159 degrees were awarded in undergraduate and graduate level public health disciplines on Sunday May 28 at the 249th Commencement ceremony at Brown University. Members of the audience at the ceremony have supported their children, grandchildren, wives, friends, and family members for years as they worked toward this graduation, but many still weren’t sure. What is public health?
[Photo: Dean Terrie Fox Wetle, Credit: Mr. Peter Goldberg]
Dean Terrie Fox Wetle, in her final Commencement address as Dean, talked about public health and what it is like to have a rewarding career in this field. “Simply stated, the goal of public health is to protect and improve the health and well-being of populations through the art and science of preventing disease and promoting population health,” she said. “Population health is described as the health outcomes of a group of individuals throughout the lifespan. Thus, population health encompasses the very beginning of life — prenatal, maternal, and child health—to the infectious and chronic diseases of middle age — to the care of our oldest populations.”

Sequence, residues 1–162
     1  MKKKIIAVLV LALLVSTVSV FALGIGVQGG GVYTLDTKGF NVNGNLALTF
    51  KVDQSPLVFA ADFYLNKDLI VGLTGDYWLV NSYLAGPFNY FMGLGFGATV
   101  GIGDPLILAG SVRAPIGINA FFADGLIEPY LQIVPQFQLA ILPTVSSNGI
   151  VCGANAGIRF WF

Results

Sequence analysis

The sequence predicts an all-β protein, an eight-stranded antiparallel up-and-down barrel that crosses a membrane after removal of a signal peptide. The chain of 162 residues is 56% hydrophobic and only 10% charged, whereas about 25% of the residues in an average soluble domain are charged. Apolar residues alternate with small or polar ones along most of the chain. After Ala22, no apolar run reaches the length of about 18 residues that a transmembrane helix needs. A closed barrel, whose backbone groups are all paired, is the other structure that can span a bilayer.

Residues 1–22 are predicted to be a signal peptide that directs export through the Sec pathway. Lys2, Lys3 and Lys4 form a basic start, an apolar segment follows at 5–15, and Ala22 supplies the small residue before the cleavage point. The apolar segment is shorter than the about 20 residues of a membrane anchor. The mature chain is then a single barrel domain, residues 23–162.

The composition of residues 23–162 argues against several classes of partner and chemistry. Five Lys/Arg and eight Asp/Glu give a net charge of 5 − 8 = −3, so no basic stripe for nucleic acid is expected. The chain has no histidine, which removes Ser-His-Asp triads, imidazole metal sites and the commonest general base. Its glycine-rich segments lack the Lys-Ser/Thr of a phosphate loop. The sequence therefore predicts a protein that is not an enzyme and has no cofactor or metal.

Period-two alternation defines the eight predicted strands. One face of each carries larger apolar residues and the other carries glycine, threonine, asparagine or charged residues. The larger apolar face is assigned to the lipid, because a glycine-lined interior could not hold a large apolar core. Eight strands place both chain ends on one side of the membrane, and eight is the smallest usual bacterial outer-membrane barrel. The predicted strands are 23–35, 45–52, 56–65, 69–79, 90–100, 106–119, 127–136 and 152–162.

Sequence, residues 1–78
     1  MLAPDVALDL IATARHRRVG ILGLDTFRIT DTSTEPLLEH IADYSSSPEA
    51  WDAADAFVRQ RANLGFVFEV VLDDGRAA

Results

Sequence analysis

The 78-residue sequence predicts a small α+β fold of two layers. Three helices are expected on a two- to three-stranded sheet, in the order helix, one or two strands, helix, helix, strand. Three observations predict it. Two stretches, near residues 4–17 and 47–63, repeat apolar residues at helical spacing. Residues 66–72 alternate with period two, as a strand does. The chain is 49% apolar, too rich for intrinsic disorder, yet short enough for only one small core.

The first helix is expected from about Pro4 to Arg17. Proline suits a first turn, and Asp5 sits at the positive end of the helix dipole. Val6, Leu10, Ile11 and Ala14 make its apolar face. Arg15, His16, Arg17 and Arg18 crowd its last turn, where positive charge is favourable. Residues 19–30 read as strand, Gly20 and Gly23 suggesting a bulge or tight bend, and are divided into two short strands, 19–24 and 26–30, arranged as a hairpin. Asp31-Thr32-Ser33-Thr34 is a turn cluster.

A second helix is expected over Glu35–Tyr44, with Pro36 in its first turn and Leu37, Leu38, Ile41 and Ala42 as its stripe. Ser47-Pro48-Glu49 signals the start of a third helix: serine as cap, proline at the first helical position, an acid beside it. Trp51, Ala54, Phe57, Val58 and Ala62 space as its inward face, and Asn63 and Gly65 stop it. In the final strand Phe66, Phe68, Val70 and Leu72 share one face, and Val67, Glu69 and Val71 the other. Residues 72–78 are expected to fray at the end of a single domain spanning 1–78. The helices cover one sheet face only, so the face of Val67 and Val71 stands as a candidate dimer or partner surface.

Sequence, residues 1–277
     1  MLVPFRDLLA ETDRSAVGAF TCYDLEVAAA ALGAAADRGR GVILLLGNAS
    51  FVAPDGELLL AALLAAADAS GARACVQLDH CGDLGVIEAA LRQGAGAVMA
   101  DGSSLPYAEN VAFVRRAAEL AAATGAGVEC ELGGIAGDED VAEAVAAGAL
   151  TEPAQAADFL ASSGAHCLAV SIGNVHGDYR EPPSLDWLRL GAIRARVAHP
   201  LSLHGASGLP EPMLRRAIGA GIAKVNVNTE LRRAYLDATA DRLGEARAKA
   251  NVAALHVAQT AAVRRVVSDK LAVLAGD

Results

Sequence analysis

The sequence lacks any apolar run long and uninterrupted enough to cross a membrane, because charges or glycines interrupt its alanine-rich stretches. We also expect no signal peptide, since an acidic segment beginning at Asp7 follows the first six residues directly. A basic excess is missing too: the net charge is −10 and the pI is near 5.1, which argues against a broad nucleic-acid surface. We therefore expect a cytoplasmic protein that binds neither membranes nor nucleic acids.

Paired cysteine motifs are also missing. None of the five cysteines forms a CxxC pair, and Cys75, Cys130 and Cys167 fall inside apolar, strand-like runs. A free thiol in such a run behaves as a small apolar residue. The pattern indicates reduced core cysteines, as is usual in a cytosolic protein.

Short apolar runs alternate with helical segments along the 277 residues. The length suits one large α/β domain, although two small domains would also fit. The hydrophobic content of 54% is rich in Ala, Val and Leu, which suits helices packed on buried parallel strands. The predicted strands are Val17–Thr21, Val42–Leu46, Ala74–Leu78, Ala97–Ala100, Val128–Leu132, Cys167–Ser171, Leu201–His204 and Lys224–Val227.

[Photo: Ms. Ewo Harrell MPH’17, Credit: Mr. Peter Goldberg]
Whether it’s smoking cessation, healthy sexual behaviors, seat belt use, or access to clean drinking water, “the increases in life expectancy over the last 100 years are largely due to public health efforts,” she said.
The 2017 Public Health graduates know all about these efforts, and then some. They know how to identify, measure, and compare health outcomes, and how to analyze huge amounts of health data. And they know how to apply this knowledge to the promotion of population health and the prevention of disease. From traumatic brain injury to hepatitis C, from diabetes to HIV, these remarkable graduates, across 11 academic programs, have made their own contributions to increased life expectancy, while acquiring the skills to become public health leaders.
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